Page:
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Figure 4: At output voltage of 0.6 V, flow field distribution in the cell under co-flow mode at different start-up times, (a) 0.1 s; (b) 0.5 s; (c) 1.0 s

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Figure 5: At output voltage of 0.6 V, flow field distribution in the cell under counter-flow mode at different start-up times, (a) 0.1 s; (b) 0.5 s; (c) 1.0 s

Figs. 6 and 7 show the temperature field in the cell under co-flow and counter-flow modes. The temperature field is largely affected by the temperature of hydrogen and air, as well as the electrochemical reaction rate. The electrochemical reaction rate was determined by the concentration of hydrogen and oxygen and the membrane water content. At 0.1 s, high-temperature regions are only located at the inlets of the cathode and anode due to the high temperature of hydrogen and air at the inlet. As time passes, the electrochemical reaction in the fuel cell proceeds toward the downstream, and the high-temperature regions extend. For the co-flow mode, at 1.0 s of the start-up, the temperature difference between the inlet and the outlet is up to 21.1°C, forming a large temperature gradient inside the cell. Comparatively, the counter-flow mode has a more evenly distributed temperature, with the maximum temperature not exceeding 80°C. It is inferred that the counter-flow mode is beneficial to the heat management of the PEMFC. The reasons for the differences in the temperature distributions between the co-flow mode and the counter-flow mode are explained as follows. The co-flow mode has an extremely high temperature at the left side due to the high hydrogen and oxygen temperatures at the inlets and a high electrochemical reaction rate caused by high reactant concentration and high membrane water content. The temperature drops gradually towards the right side due to decreasing hydrogen and oxygen temperatures and a slower electrochemical reaction. The counter-flow mode has high temperatures on both sides due to high reactant temperatures at each inlet. The middle region also has a relatively high temperature caused by the relatively high electrochemical reaction rate due to the small reactant concentration difference. Therefore, the co-flow mode has a larger temperature difference than the counter-flow mode under the same output voltage; the counter-flow mode has a more evenly distributed temperature.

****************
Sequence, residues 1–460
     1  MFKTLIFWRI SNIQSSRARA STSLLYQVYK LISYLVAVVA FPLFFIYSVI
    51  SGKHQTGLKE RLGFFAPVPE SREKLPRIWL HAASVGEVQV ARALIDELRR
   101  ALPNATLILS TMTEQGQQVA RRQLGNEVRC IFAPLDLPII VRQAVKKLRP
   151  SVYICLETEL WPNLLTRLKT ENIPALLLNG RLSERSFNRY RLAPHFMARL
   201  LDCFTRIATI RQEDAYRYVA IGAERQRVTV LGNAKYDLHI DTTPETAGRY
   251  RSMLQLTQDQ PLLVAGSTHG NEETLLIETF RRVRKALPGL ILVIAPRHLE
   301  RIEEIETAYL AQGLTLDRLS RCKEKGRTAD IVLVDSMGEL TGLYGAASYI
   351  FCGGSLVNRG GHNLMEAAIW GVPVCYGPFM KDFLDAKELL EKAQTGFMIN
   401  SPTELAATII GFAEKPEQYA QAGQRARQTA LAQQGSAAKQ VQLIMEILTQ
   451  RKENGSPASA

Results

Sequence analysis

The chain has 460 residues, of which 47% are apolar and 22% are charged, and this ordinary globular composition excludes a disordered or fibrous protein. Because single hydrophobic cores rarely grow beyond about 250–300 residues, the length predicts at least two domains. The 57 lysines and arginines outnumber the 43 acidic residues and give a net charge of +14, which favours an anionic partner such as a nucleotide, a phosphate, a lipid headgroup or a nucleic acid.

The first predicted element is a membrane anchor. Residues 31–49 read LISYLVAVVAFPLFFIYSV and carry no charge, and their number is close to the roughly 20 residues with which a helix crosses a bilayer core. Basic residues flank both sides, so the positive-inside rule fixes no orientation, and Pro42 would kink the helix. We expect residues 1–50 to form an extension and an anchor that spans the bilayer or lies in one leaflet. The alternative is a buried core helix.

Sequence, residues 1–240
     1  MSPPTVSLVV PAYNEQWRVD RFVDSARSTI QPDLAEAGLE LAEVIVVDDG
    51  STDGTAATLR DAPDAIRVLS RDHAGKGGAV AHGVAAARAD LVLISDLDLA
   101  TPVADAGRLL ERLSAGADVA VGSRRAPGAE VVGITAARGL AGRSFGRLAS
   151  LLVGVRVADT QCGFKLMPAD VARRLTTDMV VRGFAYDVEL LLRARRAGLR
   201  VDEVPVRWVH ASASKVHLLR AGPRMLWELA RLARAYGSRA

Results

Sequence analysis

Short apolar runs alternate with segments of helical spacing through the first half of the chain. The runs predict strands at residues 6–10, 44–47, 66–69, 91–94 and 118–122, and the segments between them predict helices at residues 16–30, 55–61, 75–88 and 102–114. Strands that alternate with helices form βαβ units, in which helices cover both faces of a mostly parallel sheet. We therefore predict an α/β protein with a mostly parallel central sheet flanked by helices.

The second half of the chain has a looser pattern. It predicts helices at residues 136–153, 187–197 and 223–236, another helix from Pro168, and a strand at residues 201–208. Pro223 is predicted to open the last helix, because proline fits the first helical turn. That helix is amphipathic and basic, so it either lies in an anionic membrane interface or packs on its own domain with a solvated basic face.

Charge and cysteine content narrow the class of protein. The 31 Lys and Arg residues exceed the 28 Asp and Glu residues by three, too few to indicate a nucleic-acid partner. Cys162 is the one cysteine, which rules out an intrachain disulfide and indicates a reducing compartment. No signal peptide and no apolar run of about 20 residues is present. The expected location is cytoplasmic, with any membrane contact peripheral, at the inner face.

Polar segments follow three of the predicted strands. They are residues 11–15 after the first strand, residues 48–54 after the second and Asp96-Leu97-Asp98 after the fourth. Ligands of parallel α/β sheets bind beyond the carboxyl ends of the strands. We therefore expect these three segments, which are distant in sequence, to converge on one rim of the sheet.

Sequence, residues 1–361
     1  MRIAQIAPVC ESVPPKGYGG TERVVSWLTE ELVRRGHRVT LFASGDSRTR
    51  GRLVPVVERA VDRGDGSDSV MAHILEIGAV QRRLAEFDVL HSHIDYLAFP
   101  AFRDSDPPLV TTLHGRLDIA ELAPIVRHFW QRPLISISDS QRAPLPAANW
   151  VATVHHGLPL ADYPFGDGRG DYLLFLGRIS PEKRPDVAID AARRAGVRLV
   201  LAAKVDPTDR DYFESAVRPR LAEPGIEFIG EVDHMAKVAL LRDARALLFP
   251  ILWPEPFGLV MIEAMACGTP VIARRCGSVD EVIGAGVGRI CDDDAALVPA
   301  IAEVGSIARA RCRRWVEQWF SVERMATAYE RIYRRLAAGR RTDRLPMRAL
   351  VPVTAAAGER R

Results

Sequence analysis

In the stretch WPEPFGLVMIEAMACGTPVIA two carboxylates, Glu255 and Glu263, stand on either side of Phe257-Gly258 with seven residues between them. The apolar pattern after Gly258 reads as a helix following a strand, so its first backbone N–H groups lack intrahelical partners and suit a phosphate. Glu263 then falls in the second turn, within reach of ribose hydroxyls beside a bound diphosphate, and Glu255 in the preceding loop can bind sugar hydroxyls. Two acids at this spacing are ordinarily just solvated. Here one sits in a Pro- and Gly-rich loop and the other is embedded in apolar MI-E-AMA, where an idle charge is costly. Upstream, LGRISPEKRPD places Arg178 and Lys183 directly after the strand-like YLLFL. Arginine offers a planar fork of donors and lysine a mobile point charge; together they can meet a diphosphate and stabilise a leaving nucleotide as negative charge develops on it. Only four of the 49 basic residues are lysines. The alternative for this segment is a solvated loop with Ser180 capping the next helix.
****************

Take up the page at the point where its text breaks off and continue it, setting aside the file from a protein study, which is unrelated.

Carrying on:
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Figure 6: At output voltage of 0.6 V, temperature field distribution in the cell under co-flow mode at different start-up times, (a) 0.1 s; (b) 0.5 s; (c) 1.0 s

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Figure 7: At output voltage of 0.6 V, temperature field distribution in the cell under counter-flow mode at different start-up times, (a) 0.1 s; (b) 0.5 s; (c) 1.0 s